Impacts of Tuberville’s military holds will be felt for years

While Sen. Tommy Tuberville's blockade of military nominations is over, the impacts of the holds will be felt for years to come.

When Sen. Tommy Tuberville (R-Ala.) spoke from the Senate chamber floor in December about his hold on military promotions over the Pentagon’s abortion policy, he defended his decision, saying he “had to stand up to what was going on.”

“I hated to do it. These people needed promotions. But somebody needs to wake up in the White House and the Pentagon that they cannot dictate policy here in the U.S. Senate. So I put a hold months ago on admirals, generals and civil nominees. A few months went by – a few months became 11, and we’ve had that hold ever since they put that policy in place,” Tuberville said.

Since the start of the blockade over his opposition to a Pentagon policy that reimburses service members for travel expenses to seek reproductive care, including abortion and in vitro fertilization services, the senator insisted that halting promotions would strictly impact the most senior military leaders.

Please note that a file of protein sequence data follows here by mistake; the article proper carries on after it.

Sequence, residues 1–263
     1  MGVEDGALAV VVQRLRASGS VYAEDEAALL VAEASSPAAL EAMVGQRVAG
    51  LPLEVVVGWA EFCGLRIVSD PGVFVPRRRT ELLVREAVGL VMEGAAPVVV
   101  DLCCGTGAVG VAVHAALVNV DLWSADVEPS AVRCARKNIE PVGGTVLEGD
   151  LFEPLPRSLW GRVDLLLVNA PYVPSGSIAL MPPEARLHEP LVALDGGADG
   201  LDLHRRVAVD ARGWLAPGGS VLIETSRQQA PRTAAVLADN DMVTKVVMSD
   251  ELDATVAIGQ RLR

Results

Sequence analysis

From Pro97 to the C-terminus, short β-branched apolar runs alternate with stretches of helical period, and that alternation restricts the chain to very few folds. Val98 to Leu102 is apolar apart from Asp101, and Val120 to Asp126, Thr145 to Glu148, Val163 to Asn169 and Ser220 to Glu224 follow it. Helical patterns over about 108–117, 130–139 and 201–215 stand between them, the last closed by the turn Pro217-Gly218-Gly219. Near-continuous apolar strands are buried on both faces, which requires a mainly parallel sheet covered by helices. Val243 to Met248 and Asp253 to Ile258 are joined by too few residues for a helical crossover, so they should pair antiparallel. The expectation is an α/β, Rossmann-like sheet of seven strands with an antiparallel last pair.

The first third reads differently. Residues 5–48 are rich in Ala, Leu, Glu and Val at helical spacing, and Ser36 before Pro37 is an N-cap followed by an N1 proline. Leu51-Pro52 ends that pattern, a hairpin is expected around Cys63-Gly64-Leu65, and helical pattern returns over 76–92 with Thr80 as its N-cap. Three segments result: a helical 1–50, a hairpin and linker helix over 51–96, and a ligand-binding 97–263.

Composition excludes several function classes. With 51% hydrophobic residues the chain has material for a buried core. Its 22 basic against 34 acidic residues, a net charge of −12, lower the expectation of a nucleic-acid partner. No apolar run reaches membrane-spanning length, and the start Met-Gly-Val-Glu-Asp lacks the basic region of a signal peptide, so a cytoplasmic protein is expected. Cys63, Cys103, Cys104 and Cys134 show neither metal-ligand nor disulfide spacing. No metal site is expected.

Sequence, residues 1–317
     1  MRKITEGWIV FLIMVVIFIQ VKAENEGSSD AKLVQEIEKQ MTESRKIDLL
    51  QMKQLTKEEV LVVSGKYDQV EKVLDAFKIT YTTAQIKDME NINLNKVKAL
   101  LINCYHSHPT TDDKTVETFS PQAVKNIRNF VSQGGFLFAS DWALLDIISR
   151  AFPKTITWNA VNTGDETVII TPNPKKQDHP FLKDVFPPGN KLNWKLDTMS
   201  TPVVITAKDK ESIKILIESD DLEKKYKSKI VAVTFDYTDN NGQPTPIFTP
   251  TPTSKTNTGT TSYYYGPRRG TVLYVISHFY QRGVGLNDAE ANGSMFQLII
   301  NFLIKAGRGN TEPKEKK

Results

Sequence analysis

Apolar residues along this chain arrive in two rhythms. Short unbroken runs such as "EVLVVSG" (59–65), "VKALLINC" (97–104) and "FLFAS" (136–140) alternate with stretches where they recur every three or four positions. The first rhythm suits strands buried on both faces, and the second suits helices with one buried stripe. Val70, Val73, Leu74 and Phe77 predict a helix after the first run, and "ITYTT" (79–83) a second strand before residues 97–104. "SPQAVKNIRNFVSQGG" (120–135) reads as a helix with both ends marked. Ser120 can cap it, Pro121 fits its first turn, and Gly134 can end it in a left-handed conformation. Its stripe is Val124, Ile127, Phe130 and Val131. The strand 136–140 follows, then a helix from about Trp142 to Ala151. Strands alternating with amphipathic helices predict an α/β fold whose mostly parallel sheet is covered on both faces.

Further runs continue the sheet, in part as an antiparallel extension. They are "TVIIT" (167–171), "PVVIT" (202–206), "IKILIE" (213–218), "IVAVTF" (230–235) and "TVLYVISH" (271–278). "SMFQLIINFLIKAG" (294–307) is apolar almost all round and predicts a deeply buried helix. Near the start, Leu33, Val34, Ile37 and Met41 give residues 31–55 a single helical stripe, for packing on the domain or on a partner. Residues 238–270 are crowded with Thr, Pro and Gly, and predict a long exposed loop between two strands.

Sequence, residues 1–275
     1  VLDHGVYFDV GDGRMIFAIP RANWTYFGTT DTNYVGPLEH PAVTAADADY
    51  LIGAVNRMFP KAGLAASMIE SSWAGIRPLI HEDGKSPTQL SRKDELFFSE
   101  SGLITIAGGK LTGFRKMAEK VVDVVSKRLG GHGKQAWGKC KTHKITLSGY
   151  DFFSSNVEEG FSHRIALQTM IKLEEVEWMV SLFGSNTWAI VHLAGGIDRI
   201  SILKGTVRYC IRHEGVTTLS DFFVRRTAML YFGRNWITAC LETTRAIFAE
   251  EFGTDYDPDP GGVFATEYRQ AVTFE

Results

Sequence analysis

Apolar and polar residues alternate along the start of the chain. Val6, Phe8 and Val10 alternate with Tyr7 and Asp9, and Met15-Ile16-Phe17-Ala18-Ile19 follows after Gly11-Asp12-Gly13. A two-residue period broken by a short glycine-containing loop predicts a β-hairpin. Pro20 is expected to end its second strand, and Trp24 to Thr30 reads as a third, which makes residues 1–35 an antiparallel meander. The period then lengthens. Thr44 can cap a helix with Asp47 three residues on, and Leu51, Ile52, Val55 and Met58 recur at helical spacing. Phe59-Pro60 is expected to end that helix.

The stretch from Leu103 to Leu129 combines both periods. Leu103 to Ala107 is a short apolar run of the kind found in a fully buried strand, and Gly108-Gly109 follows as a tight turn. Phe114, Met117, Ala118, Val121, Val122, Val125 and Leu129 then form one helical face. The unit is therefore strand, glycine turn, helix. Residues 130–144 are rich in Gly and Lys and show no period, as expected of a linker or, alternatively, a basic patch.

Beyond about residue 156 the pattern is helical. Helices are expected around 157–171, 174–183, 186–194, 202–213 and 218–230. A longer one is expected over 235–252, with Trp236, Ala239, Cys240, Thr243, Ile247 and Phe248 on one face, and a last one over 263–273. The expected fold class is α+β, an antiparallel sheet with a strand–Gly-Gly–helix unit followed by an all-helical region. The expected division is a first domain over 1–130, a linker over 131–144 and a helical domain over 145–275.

But defense officials, lawmakers and military organizations say the cascading impacts of the holds will be felt for years to come.

Blue Star Families, a non-profit organization, asked service members and their spouses about the impacts the blockage was having on their families.

In a poll conducted in September, 609 participants who identified as active-duty service members (11%), active-duty spouses (58%), veterans (16%) and spouses of veterans (7%) were asked about their likelihood to recommend military service to family members, their likelihood to continue military service and their satisfaction with military service.